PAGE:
Earthrise: A Striking New Collection by Iris Van Herpen Recycles Plastic Waste into Sculptural Garments

All images © Iris Van Herpen, shared with permission

Iris Van Herpen (previously) continues to blend fashion and science in her latest collection of dizzying garments that explore the fragility of marine ecosystems. Earthrise, which debuted at Paris Haute Couture Week on July 5, is comprised of 19 gowns teeming with the Dutch designer’s signature layers and structural flourishes. Exquisite and elaborately constructed, the garments seamlessly merge aquatic motifs and colors into a dynamic collection focused on preserving the environment in both aesthetic and material.

Five of the designs, including the hand-cut gradient dress shown below, are made entirely of recycled plastics sourced from Parley for the Oceans (previously), which is working to protect the planet’s bodies of water from pollution and further degradation. Other pieces in the collection are the product of collaborations with artists like Rogan Brown (previously), who brought his laser-cut reliefs resembling coral reefs and microbial structures to the lace-like gowns, while Casey Curran (previously) produced kinetic stripes that ripple across one dress in a mesmerizing blue-to-white gradient. Artist James Merry (previously) is responsible for the futuristic metal jewelry, while Eichi Matsunaga created the long, bulbous nails designs.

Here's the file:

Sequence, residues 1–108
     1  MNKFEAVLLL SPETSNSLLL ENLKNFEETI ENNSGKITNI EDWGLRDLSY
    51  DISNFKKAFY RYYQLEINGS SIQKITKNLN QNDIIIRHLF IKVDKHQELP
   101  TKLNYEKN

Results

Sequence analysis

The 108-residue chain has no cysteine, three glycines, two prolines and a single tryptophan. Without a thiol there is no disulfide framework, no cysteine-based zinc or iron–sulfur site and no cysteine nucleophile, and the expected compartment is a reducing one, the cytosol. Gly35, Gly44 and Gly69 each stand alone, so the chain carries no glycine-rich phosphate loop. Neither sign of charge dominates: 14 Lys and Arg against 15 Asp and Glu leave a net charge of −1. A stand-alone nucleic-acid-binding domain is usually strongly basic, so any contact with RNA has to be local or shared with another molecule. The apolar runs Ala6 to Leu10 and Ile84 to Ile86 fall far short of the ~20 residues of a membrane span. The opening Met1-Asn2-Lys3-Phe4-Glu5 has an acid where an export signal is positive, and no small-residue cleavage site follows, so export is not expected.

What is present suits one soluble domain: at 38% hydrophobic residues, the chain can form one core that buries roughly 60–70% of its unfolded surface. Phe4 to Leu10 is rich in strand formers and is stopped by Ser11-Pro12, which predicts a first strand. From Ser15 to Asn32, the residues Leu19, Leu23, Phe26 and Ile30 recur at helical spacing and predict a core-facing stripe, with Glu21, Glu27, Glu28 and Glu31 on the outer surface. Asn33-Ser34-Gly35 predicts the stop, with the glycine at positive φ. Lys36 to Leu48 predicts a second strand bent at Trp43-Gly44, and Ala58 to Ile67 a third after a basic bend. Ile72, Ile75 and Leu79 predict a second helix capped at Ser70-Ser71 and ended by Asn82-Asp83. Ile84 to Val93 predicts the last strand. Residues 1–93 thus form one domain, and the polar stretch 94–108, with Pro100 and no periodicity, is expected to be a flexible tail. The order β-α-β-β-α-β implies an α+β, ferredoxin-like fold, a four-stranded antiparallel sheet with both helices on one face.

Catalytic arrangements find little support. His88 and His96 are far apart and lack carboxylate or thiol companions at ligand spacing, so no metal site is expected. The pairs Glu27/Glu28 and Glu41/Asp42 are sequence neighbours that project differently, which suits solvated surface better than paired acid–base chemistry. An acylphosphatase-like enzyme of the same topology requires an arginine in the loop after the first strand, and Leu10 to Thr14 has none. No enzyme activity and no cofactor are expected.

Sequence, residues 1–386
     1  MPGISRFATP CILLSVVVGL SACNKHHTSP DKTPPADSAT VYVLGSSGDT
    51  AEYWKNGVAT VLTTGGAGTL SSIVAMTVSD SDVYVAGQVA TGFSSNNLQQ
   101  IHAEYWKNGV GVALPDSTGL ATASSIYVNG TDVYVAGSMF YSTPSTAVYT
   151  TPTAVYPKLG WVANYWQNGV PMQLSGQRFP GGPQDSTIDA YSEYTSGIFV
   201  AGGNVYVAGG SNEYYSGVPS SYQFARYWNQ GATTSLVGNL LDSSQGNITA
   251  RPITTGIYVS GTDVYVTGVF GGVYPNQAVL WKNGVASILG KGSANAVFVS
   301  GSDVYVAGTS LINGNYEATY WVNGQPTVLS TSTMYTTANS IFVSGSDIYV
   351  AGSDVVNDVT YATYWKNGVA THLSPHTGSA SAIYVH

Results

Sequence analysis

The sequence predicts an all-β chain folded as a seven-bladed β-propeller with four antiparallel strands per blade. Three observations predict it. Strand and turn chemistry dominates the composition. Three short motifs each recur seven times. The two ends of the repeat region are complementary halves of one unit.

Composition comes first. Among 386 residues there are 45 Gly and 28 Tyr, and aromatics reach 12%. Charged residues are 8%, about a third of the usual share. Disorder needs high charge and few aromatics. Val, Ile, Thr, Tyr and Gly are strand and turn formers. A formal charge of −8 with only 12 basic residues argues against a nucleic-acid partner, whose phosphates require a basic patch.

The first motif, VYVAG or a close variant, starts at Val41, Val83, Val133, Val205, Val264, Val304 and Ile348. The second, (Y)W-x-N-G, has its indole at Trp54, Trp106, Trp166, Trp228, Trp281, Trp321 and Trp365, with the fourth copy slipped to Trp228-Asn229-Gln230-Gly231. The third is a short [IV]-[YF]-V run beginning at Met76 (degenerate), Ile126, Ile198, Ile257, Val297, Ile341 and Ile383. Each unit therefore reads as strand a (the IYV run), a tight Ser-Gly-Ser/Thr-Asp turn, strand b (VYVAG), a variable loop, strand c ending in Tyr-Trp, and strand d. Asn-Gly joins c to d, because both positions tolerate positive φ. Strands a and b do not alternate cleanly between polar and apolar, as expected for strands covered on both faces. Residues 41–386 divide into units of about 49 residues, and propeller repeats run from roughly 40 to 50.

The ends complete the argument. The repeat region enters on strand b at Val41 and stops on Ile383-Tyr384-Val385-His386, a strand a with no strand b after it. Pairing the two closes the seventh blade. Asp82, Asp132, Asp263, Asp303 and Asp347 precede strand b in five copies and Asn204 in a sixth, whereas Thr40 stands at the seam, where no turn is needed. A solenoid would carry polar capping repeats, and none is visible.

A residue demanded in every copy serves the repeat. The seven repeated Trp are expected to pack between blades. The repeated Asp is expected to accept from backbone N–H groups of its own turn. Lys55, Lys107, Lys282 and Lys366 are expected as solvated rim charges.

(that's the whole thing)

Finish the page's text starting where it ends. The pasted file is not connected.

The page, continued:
Van Herpen shares more of the meteorological and biology-based designs on her Instagram, and you also might enjoy Phillip Lim and Charlotte McCurdy’s algae sequins.

 

Iris Van Herpen (previously) continues to blend fashion and science in her latest collection of dizzying garments that explore the fragility of marine ecosystems. Earthrise, which debuted at Paris Haute Couture Week on July 5, is comprised of 19 gowns teeming with the Dutch designer’s signature layers and structural flourishes. Exquisite and elaborately constructed, the garments seamlessly merge aquatic motifs and colors into a dynamic collection focused on preserving the environment in both aesthetic and material. MoreRead MoreDesign, climate change, clothing, fashion, kinetic, oceansColossalRead More

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